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Iran's Enriched Uranium Stockpile 12 Times Higher Than 2015 Limit, Says UN Watchdog


Iranian technicians work at a facility that produces uranium fuel, near the city of Isfahan. (file photo)

Iran keeps increasing its stockpile of low-enriched uranium far beyond the limits set in a landmark nuclear agreement with world powers and continues to enrich it to a higher purity than allowed, the UN's atomic watchdog agency said on November 11.

The International Atomic Energy Agency (IAEA) said in its quarterly report seen by the media that Iran, as of November 2, had a stockpile of 2,442.9 kilograms of low-enriched uranium, up from 2,105.4 kilograms reported on August 25.

The 2015 nuclear deal signed by Iran with the United States, Germany, France, Britain, China, and Russia, known as the Joint Comprehensive Plan of Action, or JCPOA, allows Tehran to only keep a stockpile of 202.8 kilograms.

The IAEA reported that Iran has also been continuing to enrich uranium to a purity of up to 4.5 percent, higher than the 3.67 percent allowed under the JCPOA.

The IAEA also said that Iran's explanations for the presence of nuclear material at an undeclared site in the country were "not credible."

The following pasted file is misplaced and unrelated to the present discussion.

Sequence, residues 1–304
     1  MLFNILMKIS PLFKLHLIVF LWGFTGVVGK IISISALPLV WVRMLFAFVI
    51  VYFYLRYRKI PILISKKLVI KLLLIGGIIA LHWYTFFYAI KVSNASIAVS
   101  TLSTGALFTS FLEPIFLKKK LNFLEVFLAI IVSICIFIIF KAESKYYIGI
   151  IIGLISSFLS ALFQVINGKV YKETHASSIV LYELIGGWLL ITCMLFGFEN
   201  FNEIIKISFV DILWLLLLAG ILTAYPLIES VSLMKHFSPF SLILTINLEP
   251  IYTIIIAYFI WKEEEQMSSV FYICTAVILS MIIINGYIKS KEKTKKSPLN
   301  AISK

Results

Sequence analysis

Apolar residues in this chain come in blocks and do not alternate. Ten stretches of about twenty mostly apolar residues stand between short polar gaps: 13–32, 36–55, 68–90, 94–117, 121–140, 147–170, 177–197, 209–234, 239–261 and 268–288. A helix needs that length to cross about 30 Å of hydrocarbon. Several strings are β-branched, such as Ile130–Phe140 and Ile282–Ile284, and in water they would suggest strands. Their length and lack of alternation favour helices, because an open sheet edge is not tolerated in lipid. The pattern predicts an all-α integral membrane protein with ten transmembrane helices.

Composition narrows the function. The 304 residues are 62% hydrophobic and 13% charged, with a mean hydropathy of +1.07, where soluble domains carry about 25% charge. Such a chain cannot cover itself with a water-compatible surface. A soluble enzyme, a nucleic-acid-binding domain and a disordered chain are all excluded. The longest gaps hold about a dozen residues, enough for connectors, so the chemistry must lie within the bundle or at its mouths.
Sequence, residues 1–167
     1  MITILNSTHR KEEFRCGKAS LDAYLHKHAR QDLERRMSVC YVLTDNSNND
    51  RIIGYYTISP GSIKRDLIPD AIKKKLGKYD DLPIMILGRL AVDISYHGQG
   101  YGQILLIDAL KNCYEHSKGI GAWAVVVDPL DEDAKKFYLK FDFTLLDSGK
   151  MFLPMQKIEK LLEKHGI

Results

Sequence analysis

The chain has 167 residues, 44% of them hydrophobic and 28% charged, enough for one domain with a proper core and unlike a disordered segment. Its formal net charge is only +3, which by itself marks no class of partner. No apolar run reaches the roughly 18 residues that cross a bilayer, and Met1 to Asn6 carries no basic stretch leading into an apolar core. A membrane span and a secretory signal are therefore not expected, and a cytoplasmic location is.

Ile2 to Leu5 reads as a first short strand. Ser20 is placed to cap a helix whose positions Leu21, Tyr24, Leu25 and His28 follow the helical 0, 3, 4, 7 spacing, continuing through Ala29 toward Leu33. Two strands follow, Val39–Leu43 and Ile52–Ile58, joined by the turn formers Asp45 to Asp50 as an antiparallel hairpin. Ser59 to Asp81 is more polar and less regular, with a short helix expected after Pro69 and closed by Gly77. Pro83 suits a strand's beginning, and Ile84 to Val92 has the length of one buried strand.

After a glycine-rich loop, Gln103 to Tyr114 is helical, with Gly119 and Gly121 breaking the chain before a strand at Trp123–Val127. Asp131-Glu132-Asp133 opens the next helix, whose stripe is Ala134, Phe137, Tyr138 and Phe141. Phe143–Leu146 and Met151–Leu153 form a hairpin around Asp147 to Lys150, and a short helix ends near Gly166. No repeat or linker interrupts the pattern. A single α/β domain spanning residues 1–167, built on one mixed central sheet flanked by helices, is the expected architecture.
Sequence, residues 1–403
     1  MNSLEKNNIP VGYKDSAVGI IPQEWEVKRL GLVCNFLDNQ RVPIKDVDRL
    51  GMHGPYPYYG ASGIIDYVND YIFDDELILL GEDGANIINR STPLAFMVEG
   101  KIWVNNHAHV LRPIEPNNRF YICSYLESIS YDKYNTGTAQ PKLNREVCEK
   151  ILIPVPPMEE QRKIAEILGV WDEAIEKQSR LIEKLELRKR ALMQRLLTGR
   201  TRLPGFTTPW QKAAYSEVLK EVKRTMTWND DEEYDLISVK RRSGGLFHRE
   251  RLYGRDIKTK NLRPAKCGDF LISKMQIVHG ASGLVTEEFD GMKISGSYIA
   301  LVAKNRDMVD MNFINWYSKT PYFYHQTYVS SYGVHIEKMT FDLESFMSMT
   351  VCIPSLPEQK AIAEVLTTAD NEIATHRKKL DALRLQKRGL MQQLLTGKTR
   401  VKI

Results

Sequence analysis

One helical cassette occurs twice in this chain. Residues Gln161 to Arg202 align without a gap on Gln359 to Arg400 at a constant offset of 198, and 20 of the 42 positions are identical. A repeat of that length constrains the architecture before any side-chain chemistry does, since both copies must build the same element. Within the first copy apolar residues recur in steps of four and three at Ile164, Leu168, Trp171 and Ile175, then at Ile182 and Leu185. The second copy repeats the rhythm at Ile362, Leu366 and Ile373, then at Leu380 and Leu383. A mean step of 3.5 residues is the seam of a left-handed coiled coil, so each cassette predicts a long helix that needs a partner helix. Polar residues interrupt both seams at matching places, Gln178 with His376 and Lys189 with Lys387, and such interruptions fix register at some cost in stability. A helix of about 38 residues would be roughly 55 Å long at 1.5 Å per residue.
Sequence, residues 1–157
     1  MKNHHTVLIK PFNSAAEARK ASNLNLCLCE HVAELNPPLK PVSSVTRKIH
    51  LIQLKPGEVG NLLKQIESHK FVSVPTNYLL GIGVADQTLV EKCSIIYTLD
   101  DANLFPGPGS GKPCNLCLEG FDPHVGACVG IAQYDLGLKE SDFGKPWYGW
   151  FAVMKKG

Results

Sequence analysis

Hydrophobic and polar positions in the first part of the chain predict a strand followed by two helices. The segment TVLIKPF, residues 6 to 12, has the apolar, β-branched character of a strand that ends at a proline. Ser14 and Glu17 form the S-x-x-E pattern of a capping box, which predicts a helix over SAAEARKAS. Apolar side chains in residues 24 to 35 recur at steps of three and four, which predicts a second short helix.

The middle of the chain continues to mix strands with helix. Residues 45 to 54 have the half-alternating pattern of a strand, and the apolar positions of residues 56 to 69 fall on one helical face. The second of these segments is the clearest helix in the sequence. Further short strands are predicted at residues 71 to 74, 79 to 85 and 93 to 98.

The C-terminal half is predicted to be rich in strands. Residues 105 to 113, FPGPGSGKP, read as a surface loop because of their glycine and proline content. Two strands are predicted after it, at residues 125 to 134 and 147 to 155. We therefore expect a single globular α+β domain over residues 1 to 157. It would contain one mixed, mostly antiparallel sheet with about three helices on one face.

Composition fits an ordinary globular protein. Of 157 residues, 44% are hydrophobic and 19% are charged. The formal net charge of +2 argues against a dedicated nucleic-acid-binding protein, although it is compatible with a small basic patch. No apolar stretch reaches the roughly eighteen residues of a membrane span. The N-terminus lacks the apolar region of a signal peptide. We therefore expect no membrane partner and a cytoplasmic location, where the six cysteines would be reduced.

Although Iranian authorities provided some information about the site, "the agency informed Iran that it continues to consider Iran's response to be not technically credible," the report said.

"A full and prompt explanation from Iran regarding the presence of uranium particles of anthropogenic origin... at a location in Iran not declared to the Agency, is needed," it added.

While the IAEA has not identified the site in question, diplomatic sources have indicated that it is in the Turquzabad district of Tehran.

The report did not provide any new details about two other locations where the IAEA took samples in September and where undeclared nuclear activity may have taken place in the early 2000s.

The analysis of those samples is ongoing.

With reporting by AP, AFP, and dpa
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